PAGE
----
FIDELMA COOK

The Herald Magazine - - CONTENTS - FIDELMA COOK cook­fi­delma@hot­mail.com Twitter: @fi­del­ma­cook

WORK­ING at the end of my ta­ble, look­ing to­wards the shut­tered glass doors, I could see the light­ning as it flashed in the nar­row head­band. The kitchen/din­ing room heart of the house is the only room where the re­worked, re­placed shut­ters al­low light to pen­e­trate.

Plus, there are two barred win­dows, left un­shut­tered. One looks out into the in­ner court­yard, through the trees and north.

From the side of my eye the bril­liant white strikes played out a merry dance and I prayed the flick­er­ing lights would not fi­nally give up. The thun­der pulsed its men­ace and even the dog, who usu­ally ig­nores such sounds but howls at the rum­ble of my stom­ach, joined in the tu­mult, tail un­der his body, fear in his rigid stance.

I will never get used to the sud­den, vi­o­lent storms that arise here.

I used to ac­cept that Au­gust was in­deed a wicked month and lived with the al­most trop­i­cal vis­i­ta­tions. But, in the last cou­ple of years, there is no longer a rhyme, rea­son or pat­tern to their ar­rival.

These are the times when I re­alise I live in a for­eign coun­try and feel, de­spite the years here, out of my depth; edgy, ner­vous, vul­ner­a­ble in my field.

And yet I look on­line and see Scot­land cov­ered in snow one week and taps aff the next. So I am not alone in this odd­ness.

I no longer get a fris­son of for­eign­ness on driv­ing around. As I was once in Glas­gow and Lon­don, I’m on au­topi­lot, ca­su­ally nav­i­gat­ing the “rond-points” that ini­tially filled me with dither­ing fear. I speak French, usu­ally with­out think­ing what I’m say­ing, as I rarely need to men­tally trans­late any more. It just is.

If lizards drop into my room when I don’t give warn­ing that I’m open­ing the win­dow where they’ve been slum­ber­ing, I no longer sit up­right all night fear­ing they will crawl down my open mouth as I sleep. They will slip out through the tiny cracks and blown stone of my walls or tuck them­selves into cor­ners to feast on the spi­ders I can now deal with too.

The odd, very rare, snake re­minds me I live “else­where”, as do the fig, sweet chest­nut and al­mond trees out­side my walls.

All in all, I’ve en­joyed both the strange­ness and the in­creas­ing fa­mil­iar­ity of my life.

But this week the UK of­fi­cially ceded from the Euro­pean Union and all I’ve held dear in my life: my many lives in dif­fer­ent coun­tries.

Out­side of my old farm­house, though, noth­ing moved, noth­ing changed, and life con­tin­ues as it has for gen­er­a­tions in La France Pro­fonde. Al­though, of course, it changes con­stantly in flick­er­ing in­cre­ments.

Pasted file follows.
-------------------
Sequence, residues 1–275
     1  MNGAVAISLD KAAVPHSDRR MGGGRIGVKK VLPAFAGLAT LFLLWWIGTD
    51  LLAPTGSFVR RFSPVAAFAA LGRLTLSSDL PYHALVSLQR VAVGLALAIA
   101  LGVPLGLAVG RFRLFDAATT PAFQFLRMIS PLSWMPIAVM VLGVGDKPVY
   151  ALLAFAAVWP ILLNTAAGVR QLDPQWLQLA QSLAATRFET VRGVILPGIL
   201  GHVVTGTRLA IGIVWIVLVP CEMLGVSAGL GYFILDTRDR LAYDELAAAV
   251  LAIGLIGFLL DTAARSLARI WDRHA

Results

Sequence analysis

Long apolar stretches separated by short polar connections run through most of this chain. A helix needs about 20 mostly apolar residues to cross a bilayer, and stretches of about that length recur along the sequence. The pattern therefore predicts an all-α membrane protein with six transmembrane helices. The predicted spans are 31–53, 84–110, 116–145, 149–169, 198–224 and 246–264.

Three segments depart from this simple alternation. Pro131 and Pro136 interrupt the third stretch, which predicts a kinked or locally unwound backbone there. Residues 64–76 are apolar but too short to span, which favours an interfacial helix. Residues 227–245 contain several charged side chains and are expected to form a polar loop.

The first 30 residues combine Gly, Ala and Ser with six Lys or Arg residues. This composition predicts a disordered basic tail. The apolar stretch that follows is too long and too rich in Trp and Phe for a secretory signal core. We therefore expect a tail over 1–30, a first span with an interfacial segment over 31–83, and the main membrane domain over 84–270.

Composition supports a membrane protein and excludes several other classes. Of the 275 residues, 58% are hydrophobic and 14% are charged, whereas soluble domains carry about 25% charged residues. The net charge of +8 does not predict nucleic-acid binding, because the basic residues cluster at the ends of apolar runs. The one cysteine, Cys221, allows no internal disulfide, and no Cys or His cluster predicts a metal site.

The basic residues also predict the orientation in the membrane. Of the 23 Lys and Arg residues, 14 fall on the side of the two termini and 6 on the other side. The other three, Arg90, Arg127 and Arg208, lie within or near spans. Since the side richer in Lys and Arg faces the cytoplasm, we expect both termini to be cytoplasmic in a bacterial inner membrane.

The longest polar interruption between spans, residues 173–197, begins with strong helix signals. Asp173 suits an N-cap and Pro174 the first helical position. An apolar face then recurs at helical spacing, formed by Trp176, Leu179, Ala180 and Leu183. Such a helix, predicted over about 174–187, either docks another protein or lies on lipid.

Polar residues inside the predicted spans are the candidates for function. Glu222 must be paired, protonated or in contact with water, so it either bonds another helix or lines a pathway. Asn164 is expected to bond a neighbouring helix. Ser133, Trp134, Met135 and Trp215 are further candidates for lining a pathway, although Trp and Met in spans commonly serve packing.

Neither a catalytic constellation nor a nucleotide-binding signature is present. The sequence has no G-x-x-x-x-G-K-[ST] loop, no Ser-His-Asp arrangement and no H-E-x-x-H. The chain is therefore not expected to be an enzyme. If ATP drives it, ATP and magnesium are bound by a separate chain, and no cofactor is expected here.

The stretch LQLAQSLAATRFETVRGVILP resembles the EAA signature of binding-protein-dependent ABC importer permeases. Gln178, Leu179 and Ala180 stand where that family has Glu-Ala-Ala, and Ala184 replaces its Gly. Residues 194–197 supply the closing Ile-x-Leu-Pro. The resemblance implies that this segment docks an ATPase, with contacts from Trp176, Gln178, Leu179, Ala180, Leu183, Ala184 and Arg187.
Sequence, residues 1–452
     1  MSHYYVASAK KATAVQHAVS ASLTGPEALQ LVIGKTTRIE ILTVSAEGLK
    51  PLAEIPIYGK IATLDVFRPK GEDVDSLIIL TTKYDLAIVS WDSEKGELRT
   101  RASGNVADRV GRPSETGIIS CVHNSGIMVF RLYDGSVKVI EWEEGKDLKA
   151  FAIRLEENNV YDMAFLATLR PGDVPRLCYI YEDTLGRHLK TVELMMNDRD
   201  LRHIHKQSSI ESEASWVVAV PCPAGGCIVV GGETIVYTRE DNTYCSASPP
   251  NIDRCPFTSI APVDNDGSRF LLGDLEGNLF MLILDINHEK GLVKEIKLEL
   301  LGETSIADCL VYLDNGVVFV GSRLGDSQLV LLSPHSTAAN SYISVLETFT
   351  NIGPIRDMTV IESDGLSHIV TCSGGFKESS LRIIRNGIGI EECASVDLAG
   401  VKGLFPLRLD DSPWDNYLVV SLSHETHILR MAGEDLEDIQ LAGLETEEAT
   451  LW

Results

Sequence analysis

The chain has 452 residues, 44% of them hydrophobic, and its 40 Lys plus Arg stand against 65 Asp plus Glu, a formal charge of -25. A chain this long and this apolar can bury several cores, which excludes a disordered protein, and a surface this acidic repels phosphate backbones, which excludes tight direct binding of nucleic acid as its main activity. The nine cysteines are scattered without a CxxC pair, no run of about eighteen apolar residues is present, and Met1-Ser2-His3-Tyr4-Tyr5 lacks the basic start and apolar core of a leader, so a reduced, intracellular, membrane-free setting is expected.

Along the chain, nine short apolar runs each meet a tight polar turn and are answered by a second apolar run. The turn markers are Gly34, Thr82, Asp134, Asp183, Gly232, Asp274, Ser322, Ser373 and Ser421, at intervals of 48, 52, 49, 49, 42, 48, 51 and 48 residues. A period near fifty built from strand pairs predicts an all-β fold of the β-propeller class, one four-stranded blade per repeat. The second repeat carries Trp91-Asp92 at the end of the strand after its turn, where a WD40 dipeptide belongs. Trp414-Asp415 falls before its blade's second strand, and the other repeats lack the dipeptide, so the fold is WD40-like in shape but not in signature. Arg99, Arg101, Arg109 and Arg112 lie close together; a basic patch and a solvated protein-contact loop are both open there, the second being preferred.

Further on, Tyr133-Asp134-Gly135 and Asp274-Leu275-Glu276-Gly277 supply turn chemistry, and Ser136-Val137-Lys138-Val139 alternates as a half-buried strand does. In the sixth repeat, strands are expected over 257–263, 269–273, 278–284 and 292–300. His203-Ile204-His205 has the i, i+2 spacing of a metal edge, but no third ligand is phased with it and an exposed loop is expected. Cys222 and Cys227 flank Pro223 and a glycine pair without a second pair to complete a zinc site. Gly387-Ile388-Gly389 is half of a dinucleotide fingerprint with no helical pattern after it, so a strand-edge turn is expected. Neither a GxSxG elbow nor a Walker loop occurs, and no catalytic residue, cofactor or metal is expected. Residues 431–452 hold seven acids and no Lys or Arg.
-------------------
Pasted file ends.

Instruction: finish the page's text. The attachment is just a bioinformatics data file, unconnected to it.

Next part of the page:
We are more con­cerned about our own com­ing elec­tions, and a big part of me is grate­ful that Brexit has made re­nounc­ing Europe a grotesque idea.

When the ref­er­en­dum went for it, as I’ve writ­ten here, there was a ma­jor tilt in my world and a nau­seous, truly tear-stained recog­ni­tion on many lev­els that my Euro­pean life was no more.

I couldn’t un­der­stand how any­one with half a brain could vote to leave the Euro­pean Union. I still can’t and have given up try­ing to un­der­stand the dull, solid thoughts of the Brex­i­teers among the im­mi­grants here.

Yes, im­mi­grants, not ex­pats; eco­nomic im­mi­grants who have voted against their rights in their pas­tiches of Cotswolds cot­tages in the Gers.

At a drinks do re­cently, an up­right former mil­i­tary man al­most shouted down my ar­gu­ments with: “We will be great again. We’ve been there be­fore and we won.”

He meant the Sec­ond World War. I pointed out to this staunch son of Al­bion that the UK could be lost. Scot­land could go. (For var­i­ous rea­sons I didn’t go down the united Ir­ish line.)

“Let them go, bloody Scots,” he said. “Who needs them? Trou­ble­some shower.”

Be­cause I ac­tu­ally like this man I changed the sub­ject with­out go­ing for the jugu­lar of his rea­son­ing.

I came away that night, sad­dened and shocked. It seems many but by no means all UK im­mi­grants who come here come for “the cul­ture, the food, the life­style, the sun”. And haven’t a clue what that means.

There are, thank­fully, many oth­ers who came here be­cause of a be­lief in the ethos of a union of peo­ples who would never again fight each other in wars or trade. The ones who, like me, are des­per­ately ap­palled at where we’re all head­ing.

Out­side there are no more thun­der­storms, for the mo­ment.

All the “for­eign” trees are bloom­ing. The odd trac­tor goes up and back down spread­ing the banned ma­nure.

But every­thing has changed. For ever.

And I will watch all the news pro­grammes, both Bri­tish and French, and feel a lit­tle less part of ei­ther.

I will sit at my ta­ble in La France Pro­fonde and be nei­ther fish nor fowl.

And I will get an­grier and an­grier at the cyn­i­cal games played by cer­tain politi­cians who have ma­rooned me here.

Then I will sign off my Ir­ish pass­port.

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